COLUMBUS, Ohio (WCMH) — Ohio lawmakers made their cases Wednesday at the Statehouse for a bill banning trans students from using a restroom aligned with their identity at schools and universities.
House Bill 183 would prohibit schools from allowing trans students to use a bathroom that doesn’t correspond with the gender assigned to them at birth. The bill states institutions are required to set separate facilities based on a student’s “biological sex,” meaning “the sex listed on a person’s official birth record.”
“No school shall permit a member of the female biological sex to use a student restroom, locker room, changing room, or shower room that has been designated by the school for the exclusive use of the male biological sex,” the bill states.
Rep. Adam Bird (R-New Richmond) and Rep. Beth Lear (R-Galena) during the bill’s first hearing on Wednesday said that school superintendents have lobbied for such measures and said the legislation is necessary to protect women from being assaulted by “biological males.” Lear also said that modern education teaches children’s feelings should be “constantly affirmed,” including feelings of identity regardless of whether they are “rooted in reality.”
“Boys cannot become girls, and girls cannot become boys,” Lear said. “The modern issue of gender is not a social construct, but the idea you can change your gender is.”
This is in spite of a study from the UCLA School of Law that found no evidence that allowing trans people to use public facilities that align with their gender identity increases safety risks. It also goes against the American Academy of Pediatrics’ policy on caring for trans children that independently defines sex and gender identity, which “develops over time, much the same way as a child’s physical body does” and “can be fluid, shifting in different contexts.”
Maria Bruno, public policy director of Equality Ohio, called the bill part of a “concerted effort to basically chase trans people out of public life,” and said the organization has heard the opposite feedback when inquiring with school districts.
“It’s really frustrating to listen to someone so full-throatedly blame a small marginalized group of people, based on largely what we can tell, misunderstanding of science and statistics,” Bruno said.
HB 183 also prohibits schools from letting students share overnight accommodations with students of the opposite “biological sex.” Institutions would still be allowed to offer single-use facilities and the bill would not apply to children under 10 being assisted by a family member, or to someone helping a student with a disability.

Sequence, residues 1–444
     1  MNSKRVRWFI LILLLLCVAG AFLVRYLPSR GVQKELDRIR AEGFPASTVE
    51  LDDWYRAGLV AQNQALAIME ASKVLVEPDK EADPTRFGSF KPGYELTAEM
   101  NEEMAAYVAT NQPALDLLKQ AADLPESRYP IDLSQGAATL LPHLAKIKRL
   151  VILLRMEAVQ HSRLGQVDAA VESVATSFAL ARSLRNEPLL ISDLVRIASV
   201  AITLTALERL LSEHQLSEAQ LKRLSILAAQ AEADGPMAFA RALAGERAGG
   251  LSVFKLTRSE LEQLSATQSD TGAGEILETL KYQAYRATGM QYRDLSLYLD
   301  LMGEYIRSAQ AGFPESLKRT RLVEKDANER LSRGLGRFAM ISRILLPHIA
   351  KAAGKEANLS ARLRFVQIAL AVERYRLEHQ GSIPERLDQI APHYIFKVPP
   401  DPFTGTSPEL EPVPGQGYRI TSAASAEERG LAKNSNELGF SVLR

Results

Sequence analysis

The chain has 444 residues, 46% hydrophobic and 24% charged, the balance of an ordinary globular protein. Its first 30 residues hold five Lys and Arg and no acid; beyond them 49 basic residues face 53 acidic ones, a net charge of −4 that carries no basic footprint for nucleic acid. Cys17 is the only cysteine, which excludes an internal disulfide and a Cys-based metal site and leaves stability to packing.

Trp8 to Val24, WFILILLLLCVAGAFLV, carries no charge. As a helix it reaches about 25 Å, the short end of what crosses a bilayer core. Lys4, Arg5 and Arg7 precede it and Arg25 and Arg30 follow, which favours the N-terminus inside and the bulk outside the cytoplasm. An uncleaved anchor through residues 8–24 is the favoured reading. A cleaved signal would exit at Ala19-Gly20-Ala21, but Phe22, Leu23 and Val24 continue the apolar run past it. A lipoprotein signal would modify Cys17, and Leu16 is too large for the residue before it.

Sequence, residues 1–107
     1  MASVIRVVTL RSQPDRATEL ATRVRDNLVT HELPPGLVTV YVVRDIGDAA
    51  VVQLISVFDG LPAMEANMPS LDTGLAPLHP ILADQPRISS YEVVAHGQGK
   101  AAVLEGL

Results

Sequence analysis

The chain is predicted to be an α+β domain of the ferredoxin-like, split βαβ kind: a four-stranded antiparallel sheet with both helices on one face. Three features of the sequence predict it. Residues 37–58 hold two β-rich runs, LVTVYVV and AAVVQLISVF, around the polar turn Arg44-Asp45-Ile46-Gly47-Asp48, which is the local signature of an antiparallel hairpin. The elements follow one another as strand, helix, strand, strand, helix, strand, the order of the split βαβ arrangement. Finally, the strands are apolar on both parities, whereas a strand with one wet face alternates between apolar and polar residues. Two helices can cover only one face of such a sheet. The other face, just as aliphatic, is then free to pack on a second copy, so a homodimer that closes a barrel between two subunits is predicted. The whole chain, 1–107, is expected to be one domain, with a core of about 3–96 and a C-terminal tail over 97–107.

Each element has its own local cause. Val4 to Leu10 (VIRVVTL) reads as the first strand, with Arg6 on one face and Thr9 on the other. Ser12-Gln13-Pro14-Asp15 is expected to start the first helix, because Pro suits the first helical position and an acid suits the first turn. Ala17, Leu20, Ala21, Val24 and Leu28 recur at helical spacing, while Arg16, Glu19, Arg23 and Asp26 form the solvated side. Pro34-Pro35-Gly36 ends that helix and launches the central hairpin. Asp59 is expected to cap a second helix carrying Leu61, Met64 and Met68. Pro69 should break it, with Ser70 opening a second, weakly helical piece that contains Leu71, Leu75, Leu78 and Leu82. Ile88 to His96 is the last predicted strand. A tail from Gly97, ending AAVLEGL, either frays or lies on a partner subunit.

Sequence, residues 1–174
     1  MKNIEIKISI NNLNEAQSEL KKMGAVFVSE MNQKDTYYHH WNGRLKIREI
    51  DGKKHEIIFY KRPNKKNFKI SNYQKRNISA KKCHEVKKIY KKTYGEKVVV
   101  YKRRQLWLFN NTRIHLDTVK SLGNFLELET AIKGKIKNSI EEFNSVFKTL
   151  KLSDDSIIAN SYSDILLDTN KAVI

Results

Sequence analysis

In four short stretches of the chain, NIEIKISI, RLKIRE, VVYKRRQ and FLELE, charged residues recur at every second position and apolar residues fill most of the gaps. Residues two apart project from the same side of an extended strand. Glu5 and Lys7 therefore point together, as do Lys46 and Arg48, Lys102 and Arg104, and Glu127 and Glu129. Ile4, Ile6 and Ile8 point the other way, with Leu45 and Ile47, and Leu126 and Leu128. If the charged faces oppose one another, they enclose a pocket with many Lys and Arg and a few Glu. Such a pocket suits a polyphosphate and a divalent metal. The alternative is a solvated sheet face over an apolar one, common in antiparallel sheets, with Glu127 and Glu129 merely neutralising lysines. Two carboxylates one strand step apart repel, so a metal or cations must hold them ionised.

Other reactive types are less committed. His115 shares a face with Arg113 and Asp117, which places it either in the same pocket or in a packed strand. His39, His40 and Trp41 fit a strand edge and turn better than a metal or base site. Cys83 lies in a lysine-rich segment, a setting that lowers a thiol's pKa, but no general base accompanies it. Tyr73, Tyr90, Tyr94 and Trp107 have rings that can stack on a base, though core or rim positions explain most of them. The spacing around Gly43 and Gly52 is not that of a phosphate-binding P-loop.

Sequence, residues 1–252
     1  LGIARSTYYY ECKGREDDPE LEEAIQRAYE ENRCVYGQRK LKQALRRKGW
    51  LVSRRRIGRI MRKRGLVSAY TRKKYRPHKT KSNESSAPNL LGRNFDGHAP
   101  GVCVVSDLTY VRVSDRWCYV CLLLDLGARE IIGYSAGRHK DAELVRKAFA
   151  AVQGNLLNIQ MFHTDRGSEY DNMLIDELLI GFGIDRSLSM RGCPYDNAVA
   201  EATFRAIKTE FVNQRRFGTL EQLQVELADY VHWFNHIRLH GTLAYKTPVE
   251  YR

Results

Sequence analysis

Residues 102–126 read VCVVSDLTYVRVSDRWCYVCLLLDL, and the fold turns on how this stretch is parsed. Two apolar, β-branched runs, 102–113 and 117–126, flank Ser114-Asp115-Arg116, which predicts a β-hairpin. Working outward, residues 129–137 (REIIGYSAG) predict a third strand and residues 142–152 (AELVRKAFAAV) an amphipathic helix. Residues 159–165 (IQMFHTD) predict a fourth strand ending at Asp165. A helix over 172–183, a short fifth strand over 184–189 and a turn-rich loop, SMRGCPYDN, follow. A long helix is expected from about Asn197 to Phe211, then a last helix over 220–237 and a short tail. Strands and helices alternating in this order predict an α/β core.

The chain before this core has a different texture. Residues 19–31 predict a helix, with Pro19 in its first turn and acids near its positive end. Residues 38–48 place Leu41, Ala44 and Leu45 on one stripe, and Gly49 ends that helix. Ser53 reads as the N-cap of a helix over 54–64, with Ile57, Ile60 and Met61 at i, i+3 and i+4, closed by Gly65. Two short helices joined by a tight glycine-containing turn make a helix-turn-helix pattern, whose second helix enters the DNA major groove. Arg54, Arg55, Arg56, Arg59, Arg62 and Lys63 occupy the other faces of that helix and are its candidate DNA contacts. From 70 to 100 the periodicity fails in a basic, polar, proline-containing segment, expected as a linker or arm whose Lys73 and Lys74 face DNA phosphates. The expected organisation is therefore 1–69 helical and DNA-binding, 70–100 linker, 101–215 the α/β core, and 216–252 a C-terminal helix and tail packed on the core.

Rep. Joe Miller (D-Amherst) questioned why the bill would apply to both K-12 schools and universities, instead of proposing two separate bills with appropriate parameters. While students in higher education are adults, Bird said the issue “is a problem in both areas” and claimed there are many college-aged students who “feel unsafe.”
Rep. Dontavius Jarrells (D-Columbus) said the rationale for HB 183 — fear of assault and exposure — mirrors Jim Crow laws introduced in the Southern U.S. in the late 19th and early 20th centuries that enforced racial segregation. Jarrells also said 36% of trans people experience sexual assault after policies are enacted governing which bathrooms they must occupy.
“Our women and our girls are unsafe,” Lear said in response. “There’s no equity for them when they’re told that somebody who looks like a woman but isn’t a woman and is a man comes into their private space.”
The legislation marks the first statewide proposal in Ohio aiming to restrict bathroom use by trans students. However, the debate has been elevated to a federal court in Ohio after Dayton-area parents and students sued a school district for allowing trans students to use communal restrooms consistent with their gender identity.
HB 183 is part of a record-breaking number of anti-LGBTQ+ bills proposed nationwide in 2023. Ohio is one of nearly two dozen states introducing hundreds of anti-LGBTQ+ bills in legislatures across the nation.
The Ohio House passed a bill in June to ban healthcare professionals from providing treatment known as gender-affirming care to trans children in the state and requires mental health professionals to screen patients for abuse and comorbidities before diagnosing gender dysphoria.
Representatives amended the legislation to include House Bill 6, named the “Save Women’s Sports Act.” The bill would bar trans girls from taking part in female athletics and override the Ohio High School Athletic Association’s trans-student-athlete policy adopted during the 2015-16 school year.
The “Parents’ Bill of Rights,” also passed by the Ohio House, would require teachers to notify parents before teaching “sexuality content” and of any change in a student’s mental, emotional or physical health. Rep. D.J. Swearingen (R-Huron) and Rep. Sara Carruthers (R-Hamilton) reintroduced the bill earlier this year after that legislation also failed to pass the General Assembly last year.
Most recently, lawmakers proposed a bill similar to an unconstitutional Tennessee law to prohibit drag queens’ performances in public or where children are present.
Introduced in July, the bill bans “adult cabaret performances,” defined as a show “harmful to juveniles” that features “entertainers who exhibit a gender identity that is different from the performers’ or entertainers’ gender assigned at birth.” The bill would prohibit these shows in all locations other than “adult cabarets,” meaning “a nightclub, bar, juice bar, restaurant, bottle club or similar establishment.”